Every time a popular book is turned into a movie, an outcry of disappointed book lovers follows. While some adaptations really are terrible, what often happens is many of those book lovers fall into the trap of expecting the movie to give them the same experience as the book. Movies and books are different art forms and if you’re approaching the movie as a substitute for a book then you’re bound to be disappointed.

Going remote

With COVID-19 pandemic forcing many companies to transition to remote work, there has been a surge in advice on remote work. Veteran remote workers are handing out their advice and novice remote workers are sharing their first impressions and experiences. One thing I noticed is most practical advice deals with how to find remote counter-parts to some in-office activity.

Ministry of Silly Walks

One piece of advice I recently heard was to dress up, go outside, and walk a few circles around the house before you start working. While I do understand the reasoning behind this proposition, I still find it outright silly. Though many people say they miss the commute when switching to remote work, what they really miss is not so much the commute itself, which they often describe as exhausting and aggravating, but the side-effect of its repetitive nature. It serves as a kind of ritual, sending signals to your brain that work is coming, so it could start getting into “work mode.”

With the commute suddenly gone, you also lose that side effect ritual and you need to replace it. With what? Well, that’s the good thing about remote work: replace it with whatever suits you! Maybe it’s a run, a bike ride, or a walk (yes, even a walk around your house) or maybe it’s just making yourself a cup of coffee. What matters is you find your daily ritual, so your brain gets that same signal to start going into “work mode.” But you don’t need to perform some silly activity to trick yourself into thinking you are doing something (commuting) when you are not actually doing it.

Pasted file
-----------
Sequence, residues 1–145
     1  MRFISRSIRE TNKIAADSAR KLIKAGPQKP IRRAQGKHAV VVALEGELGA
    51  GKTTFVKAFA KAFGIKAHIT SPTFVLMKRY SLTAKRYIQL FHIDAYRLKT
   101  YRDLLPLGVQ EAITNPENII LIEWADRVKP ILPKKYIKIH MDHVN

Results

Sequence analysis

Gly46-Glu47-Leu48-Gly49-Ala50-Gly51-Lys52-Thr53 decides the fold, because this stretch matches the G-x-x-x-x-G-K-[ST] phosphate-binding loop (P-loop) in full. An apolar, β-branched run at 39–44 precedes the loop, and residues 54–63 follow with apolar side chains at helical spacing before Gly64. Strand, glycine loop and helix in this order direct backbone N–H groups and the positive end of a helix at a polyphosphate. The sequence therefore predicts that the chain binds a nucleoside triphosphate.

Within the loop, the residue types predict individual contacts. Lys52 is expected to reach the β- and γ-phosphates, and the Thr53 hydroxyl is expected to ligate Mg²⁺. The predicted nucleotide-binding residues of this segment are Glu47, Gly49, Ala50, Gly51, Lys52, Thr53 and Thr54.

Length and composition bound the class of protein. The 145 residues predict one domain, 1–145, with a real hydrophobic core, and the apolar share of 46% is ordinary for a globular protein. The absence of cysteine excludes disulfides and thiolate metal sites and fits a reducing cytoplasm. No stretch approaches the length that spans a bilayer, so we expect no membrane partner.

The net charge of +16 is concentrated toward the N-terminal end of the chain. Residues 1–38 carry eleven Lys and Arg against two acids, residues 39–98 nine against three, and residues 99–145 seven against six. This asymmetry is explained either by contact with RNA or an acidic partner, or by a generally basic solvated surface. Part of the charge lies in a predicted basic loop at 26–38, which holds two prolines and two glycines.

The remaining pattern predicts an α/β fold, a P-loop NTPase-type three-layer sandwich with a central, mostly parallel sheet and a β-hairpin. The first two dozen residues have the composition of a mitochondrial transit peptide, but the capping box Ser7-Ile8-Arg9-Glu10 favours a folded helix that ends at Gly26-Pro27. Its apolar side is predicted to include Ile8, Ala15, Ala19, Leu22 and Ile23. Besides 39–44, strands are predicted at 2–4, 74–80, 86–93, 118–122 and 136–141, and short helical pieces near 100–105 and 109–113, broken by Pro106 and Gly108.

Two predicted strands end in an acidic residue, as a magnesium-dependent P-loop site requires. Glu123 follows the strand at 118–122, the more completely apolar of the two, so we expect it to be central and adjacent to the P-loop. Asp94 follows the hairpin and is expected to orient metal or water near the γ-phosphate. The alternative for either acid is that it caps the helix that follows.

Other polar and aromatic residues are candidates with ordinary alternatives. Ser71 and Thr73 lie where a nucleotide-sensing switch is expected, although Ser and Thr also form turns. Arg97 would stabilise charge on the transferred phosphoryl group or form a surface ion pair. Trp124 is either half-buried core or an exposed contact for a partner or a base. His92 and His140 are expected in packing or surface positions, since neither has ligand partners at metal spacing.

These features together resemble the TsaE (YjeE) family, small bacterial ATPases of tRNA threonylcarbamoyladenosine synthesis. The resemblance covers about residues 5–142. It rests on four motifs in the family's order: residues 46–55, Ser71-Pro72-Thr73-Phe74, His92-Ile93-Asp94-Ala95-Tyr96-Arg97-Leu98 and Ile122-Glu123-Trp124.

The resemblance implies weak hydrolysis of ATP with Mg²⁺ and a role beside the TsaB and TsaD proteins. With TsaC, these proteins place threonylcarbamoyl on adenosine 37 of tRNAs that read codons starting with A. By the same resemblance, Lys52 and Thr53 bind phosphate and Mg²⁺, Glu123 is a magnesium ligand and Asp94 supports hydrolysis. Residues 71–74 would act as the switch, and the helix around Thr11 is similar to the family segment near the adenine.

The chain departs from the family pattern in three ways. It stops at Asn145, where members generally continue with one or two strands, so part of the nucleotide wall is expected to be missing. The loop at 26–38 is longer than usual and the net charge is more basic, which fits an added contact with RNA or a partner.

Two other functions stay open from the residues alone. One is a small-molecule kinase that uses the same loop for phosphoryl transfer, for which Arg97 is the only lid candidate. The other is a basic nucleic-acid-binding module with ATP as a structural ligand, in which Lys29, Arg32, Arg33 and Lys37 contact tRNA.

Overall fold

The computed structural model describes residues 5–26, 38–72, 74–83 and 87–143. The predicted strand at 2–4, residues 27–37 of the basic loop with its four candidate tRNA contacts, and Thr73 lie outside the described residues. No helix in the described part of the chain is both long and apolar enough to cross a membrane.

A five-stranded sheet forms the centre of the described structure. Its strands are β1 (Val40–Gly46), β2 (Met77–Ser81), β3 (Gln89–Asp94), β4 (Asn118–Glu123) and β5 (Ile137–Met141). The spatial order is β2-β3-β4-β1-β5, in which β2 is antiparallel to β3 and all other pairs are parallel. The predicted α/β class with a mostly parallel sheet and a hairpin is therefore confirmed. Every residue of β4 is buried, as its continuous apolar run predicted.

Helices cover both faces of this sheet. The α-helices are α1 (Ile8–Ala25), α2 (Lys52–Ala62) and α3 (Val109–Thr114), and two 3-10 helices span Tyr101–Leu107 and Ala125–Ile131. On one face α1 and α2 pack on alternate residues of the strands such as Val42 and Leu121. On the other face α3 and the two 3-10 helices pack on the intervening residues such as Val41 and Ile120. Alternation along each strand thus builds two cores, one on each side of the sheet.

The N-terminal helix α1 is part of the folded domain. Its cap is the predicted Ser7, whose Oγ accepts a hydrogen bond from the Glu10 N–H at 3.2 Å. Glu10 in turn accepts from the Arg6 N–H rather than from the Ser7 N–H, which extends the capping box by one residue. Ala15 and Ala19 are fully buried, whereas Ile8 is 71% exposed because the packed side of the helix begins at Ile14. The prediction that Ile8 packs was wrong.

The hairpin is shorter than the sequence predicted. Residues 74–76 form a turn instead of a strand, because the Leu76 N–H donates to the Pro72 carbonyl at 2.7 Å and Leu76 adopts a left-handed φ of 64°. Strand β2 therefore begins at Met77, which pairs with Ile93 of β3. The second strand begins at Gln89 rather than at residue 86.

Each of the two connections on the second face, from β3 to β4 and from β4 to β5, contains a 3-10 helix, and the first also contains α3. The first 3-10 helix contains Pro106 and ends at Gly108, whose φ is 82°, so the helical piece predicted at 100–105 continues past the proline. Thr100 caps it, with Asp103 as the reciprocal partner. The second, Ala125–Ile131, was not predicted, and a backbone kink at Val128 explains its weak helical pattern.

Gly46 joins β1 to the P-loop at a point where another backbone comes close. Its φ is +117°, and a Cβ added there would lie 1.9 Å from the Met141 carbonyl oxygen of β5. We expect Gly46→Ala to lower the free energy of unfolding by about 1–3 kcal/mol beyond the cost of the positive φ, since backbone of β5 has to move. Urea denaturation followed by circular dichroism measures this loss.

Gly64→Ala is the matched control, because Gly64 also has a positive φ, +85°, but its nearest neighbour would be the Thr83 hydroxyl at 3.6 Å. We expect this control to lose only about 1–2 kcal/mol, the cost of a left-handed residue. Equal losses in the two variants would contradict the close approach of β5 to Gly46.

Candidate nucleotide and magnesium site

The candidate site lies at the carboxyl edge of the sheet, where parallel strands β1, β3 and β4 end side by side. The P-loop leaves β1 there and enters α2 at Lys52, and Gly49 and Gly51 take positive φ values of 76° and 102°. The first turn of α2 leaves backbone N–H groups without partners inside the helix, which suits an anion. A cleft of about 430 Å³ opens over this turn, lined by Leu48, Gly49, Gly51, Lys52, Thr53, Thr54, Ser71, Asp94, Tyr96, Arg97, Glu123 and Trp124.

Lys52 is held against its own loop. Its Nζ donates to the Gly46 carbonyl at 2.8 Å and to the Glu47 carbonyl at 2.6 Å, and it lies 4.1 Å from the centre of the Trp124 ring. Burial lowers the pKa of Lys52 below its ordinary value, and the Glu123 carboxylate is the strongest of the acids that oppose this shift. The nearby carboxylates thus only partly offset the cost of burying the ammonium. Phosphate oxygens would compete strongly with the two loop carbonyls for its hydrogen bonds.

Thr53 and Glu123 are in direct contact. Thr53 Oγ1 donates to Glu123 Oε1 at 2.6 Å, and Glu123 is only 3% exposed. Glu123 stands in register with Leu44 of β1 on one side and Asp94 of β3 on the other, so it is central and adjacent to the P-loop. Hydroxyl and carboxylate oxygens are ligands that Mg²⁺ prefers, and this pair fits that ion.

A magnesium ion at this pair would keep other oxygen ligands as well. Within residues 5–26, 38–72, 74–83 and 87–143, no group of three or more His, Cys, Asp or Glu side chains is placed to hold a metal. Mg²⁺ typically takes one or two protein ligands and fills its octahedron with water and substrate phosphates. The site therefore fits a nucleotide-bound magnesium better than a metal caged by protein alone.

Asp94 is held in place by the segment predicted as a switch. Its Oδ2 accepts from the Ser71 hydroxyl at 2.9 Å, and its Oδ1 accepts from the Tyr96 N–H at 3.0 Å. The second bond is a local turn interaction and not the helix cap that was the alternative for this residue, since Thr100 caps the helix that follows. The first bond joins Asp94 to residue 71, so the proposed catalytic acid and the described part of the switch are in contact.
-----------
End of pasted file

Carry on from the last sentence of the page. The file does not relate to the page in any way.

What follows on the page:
Embrace the differences

The underlying problem here is the approach to remote work as a substitute for office work. It is not a substitute. It’s a different way of work and as such, it has its own ways of doing things. If you want to make it work, then embrace it fully — with its similarities but also all it’s differences to traditional office work. My advice is to use the flexibility that working remotely offers to explore what works for you instead of trying to emulate every office activity.  If you don’t, then remote work will always remain as a substitute for the real thing. And just as those book lovers, you’re bound to be disappointed and miss out on the uniqueness of the experience that a different medium offers.

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